To succeed in the art world, you have to make a symbol or two, create a schema, make copies to increase quantity, raise the price by controlling the amount, and cultivate influence. For example, I am famous for writing the Preface to the Poems Composed at the Orchid Pavilion a thousand times. I can earn money if I do the same with The Book of Songs today and with Serve the People tomorrow. That’s what many artists will do. But it‘s not in my nature to do so. For many years, I seem to have been very indulgent in my own interests, which, of course, can be demanding on the ego. I once came up with a clever analogy using bricks: other artists stack theirs so high and quickly in one place. If I place one of mine in the east and another in the west, for sure, others’ stacks will be taller than mine in the short term. However, I may end up linking each loose brick to another, building a pyramid in the process. It will take me several times and so much effort to create a pyramid, but that’s the truth of my life. I often joke that I disguise my genius with hard work.


The “Human Standpoint” in Works of Art


Liu: Many of your artistic works and concepts let us see your concern and reflection on social issues as an artist. You mention in your book that “great works of art will always return to the human standpoint”. What do you mean by human standpoint”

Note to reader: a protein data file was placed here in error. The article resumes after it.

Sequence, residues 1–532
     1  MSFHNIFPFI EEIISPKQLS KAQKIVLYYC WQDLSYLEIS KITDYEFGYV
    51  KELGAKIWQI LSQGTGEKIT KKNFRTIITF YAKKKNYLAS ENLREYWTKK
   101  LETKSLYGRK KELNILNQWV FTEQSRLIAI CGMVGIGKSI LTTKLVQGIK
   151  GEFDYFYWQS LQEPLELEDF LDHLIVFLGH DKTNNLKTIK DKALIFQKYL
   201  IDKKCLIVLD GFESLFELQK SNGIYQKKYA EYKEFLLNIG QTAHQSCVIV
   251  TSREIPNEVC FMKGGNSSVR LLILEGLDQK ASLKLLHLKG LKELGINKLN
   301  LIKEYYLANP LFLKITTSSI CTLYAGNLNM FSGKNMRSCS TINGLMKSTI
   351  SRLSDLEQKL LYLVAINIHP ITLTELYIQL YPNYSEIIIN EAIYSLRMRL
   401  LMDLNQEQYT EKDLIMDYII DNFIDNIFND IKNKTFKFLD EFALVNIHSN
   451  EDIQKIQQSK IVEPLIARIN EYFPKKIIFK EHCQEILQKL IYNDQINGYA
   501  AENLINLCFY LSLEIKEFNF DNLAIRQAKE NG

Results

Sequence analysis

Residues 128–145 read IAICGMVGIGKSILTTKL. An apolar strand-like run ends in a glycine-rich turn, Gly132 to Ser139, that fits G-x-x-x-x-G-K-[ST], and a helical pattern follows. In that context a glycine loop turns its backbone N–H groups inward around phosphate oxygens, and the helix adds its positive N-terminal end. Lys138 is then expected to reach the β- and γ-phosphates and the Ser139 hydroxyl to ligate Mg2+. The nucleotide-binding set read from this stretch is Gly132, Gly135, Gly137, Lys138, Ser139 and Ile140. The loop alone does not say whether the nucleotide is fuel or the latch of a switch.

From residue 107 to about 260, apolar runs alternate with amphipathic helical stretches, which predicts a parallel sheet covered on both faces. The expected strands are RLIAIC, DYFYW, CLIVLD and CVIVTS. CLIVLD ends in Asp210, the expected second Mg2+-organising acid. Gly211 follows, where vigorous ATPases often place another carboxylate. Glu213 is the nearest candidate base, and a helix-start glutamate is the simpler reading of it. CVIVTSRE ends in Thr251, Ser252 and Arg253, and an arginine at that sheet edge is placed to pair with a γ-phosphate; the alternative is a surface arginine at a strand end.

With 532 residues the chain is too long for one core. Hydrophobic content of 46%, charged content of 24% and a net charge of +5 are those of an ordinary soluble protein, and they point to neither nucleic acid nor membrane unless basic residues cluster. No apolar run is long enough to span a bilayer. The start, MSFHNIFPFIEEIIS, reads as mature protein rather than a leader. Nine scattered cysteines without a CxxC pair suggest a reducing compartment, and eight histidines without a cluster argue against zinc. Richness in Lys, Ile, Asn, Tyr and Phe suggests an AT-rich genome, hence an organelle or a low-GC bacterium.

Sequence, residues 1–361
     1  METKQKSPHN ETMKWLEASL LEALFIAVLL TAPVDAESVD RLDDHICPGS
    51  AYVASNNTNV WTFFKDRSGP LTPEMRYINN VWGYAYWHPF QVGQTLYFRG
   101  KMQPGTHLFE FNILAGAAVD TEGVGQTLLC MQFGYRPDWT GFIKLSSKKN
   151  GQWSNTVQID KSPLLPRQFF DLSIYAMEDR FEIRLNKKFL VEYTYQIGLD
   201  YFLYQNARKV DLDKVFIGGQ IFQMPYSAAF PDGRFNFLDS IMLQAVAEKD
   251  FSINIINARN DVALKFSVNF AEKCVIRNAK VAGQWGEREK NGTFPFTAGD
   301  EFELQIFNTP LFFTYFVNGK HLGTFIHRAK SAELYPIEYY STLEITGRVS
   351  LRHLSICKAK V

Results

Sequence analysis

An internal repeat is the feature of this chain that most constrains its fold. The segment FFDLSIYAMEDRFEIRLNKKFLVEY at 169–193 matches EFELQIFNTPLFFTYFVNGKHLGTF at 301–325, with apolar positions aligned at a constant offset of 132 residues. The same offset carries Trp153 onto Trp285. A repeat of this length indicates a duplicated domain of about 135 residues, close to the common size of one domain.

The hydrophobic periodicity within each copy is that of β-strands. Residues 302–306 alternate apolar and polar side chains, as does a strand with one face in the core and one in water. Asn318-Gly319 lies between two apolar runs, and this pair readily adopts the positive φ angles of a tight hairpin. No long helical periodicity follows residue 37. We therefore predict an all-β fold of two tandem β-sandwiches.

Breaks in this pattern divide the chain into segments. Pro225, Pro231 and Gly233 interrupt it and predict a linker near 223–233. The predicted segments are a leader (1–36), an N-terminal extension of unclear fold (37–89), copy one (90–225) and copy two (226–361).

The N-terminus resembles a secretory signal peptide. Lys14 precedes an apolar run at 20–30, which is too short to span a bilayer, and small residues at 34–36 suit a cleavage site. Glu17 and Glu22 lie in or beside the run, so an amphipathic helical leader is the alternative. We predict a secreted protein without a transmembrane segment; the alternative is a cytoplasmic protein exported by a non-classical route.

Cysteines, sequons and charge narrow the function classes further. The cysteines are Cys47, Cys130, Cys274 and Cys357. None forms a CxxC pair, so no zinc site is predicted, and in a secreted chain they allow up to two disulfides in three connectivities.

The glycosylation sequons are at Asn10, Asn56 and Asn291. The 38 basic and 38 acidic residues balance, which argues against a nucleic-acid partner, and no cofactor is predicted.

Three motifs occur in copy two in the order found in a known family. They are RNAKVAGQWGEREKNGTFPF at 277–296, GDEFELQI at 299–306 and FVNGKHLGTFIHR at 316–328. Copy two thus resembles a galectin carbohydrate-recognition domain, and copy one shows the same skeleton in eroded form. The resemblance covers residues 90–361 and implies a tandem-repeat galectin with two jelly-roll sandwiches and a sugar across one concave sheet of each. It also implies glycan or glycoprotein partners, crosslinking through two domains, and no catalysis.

Qiu: Art can be directed at people in specific social situations: we who live in the present era, the citizens of a nation, or even residents in a nursing home or the left-behind children in a village. We can base works of art for a specific person upon their particular situation. By rousing or moving such a person, we can fulfill our grand mission of awakening humankind. Artists consider that individuals, ethnic groups, or society can be the object of art. In other words, art does not have to be too pure. The vagueness of society, the wounds that afflict us, and the cruelty of life are precisely our opportunities for making art. Artists intervene to express these realities, not to be society’s mouthpiece.

On the other hand, a challenging and turbulent society is also the best place to cultivate your mind. To do this, one needs to “enter” or look at life in the countryside and the chaotic zones of society. These scenarios allow a person to transform completely from the material to the higher and purposeful self, and from a vacuous to a discerning mind, to reach liberation. It is the only way an artist can be great. And this is the second dimension of real art.

Liu: This intervention is courageous. It means that the artist deals with reality through their physical and spiritual self, akin to how the historical figures Gan Jiang and Mo Ye devoted themselves to forging a pair of swords ordered by King Helü of the State of Wu.